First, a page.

Every year around 5000 children are accidentally left in vehicles alone, but authorities say a few simple steps can help them stay safe.
The death of a three-year-old boy who had been left locked in a hot car in Glenfield in Sydney's southwest on Thursday, sparked outrage by some on social media.
Campbelltown, near Glenfield, hit a top temperature of 33.4C at 4.30pm, Bureau of Meteorology data revealed.
This sort of tragedy is very rare, Kidsafe executive officer Christine Erskine said, but there are 5000 "near misses" where children have been rescued from a hot car.
"It almost can happen to anybody," she said.
"A lot of people would understand how this could happen."
Ms Erskine said while some cars lock automatically and the child's carer notices straight away, children are often 'left' when there's a change in circumstances.
"It can happen when the mother or the grandmother takes the child and this time someone else takes it," she said.
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"A change of routine or a change of circumstances is the riskiest time."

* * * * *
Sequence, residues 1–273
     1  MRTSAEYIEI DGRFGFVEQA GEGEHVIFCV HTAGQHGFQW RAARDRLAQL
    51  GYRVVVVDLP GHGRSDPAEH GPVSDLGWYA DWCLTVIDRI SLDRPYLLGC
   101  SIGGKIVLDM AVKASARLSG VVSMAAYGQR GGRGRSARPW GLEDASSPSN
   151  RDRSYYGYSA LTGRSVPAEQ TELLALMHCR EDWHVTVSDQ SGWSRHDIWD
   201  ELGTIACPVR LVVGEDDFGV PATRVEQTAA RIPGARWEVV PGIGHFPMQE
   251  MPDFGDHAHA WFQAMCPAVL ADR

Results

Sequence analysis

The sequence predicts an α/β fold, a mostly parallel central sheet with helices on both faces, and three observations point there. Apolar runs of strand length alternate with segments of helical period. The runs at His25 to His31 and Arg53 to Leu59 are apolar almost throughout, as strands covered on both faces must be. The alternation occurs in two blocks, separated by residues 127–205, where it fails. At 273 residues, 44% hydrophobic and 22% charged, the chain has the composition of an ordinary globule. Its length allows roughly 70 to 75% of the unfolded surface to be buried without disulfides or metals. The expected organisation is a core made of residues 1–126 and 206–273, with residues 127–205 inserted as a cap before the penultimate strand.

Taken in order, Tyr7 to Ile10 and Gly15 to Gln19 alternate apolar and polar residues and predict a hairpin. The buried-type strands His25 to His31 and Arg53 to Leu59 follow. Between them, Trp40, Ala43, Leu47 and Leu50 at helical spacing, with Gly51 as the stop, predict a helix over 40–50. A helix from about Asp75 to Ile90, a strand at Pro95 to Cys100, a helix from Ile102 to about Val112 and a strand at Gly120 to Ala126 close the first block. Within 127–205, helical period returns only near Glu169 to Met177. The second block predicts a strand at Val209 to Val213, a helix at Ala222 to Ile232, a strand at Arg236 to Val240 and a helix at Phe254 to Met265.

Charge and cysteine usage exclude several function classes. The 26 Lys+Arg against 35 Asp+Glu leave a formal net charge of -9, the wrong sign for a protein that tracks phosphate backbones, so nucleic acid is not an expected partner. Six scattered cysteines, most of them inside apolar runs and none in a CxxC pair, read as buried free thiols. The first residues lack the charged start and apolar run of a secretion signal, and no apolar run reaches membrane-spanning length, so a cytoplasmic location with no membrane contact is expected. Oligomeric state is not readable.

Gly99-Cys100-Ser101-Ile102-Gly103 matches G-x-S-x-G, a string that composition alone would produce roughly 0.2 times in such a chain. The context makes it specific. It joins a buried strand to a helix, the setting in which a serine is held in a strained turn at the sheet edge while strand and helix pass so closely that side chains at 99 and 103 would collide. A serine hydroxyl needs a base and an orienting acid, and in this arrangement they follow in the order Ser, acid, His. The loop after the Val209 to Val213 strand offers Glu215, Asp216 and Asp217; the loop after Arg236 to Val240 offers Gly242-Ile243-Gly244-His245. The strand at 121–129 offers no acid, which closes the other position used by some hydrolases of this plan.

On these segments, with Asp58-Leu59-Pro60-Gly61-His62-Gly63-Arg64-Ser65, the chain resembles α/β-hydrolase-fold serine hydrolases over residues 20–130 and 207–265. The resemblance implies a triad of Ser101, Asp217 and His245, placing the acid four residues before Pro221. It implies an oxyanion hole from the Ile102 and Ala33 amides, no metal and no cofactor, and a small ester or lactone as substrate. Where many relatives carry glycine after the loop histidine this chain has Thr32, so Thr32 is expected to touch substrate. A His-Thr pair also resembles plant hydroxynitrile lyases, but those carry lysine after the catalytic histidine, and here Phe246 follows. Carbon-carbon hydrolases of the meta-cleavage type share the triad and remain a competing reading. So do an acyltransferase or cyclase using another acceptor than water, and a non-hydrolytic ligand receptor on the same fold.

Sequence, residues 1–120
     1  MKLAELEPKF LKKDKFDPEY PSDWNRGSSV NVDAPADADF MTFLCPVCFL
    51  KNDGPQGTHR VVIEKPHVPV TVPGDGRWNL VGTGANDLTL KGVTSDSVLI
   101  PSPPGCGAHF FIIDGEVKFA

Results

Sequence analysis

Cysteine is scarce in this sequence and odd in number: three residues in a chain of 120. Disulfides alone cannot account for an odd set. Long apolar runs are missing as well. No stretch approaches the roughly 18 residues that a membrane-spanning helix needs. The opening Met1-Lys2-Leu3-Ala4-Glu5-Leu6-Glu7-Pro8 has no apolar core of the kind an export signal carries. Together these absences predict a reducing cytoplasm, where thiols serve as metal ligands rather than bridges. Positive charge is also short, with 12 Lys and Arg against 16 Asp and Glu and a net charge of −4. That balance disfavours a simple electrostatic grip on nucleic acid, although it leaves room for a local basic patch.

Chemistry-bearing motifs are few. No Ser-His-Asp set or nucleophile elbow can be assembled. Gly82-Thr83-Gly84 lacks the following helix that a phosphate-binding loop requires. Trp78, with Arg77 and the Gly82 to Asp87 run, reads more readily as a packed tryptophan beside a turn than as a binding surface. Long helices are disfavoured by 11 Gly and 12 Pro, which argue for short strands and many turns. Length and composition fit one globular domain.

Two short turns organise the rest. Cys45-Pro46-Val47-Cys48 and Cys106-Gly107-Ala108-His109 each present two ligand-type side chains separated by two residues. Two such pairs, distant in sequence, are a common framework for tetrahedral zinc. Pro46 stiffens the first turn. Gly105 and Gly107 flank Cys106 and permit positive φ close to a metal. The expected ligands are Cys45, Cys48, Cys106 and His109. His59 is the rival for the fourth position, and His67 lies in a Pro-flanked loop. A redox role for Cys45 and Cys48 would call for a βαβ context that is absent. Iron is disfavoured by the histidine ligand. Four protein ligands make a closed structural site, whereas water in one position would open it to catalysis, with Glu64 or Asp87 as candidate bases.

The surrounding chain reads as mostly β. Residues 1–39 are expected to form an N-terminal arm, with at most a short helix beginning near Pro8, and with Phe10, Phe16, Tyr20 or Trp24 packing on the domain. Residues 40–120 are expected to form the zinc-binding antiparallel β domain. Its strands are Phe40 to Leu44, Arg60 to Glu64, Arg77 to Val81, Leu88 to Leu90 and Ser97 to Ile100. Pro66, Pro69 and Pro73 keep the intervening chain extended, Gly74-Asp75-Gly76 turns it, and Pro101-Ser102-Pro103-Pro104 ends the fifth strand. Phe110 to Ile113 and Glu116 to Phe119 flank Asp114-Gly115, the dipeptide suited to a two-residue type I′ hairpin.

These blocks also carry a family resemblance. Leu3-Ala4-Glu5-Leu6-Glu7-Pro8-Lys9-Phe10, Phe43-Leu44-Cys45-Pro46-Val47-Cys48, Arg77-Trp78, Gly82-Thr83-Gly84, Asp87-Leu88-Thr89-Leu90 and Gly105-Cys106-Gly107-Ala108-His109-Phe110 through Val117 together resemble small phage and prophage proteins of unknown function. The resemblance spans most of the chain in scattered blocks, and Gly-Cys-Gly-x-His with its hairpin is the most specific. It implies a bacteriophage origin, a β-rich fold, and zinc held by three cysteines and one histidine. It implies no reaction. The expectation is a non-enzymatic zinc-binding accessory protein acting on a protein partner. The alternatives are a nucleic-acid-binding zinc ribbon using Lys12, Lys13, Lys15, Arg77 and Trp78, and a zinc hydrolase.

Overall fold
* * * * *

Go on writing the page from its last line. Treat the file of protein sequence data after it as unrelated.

Children are often left in the vehicle while parents are paying for petrol, but Ms Erskine said they should never be left when you will be out of sight, such as going into a shopping centre.
"Little bodies heat up very quickly," she said.
She urged people to leave their valuables - keys, laptop, wallet - in the back of the vehicle where their child is so they are prompted to retrieve them and their child before leaving their vehicle.
The 45-year-old father of the three-year-old boy has now been released from police custody, while officers continued investigating the death.
The vehicle's owner, the child's father, broke the car's window to retrieve the boy before sitting nearby wailing and banging his head, the ABC reported.
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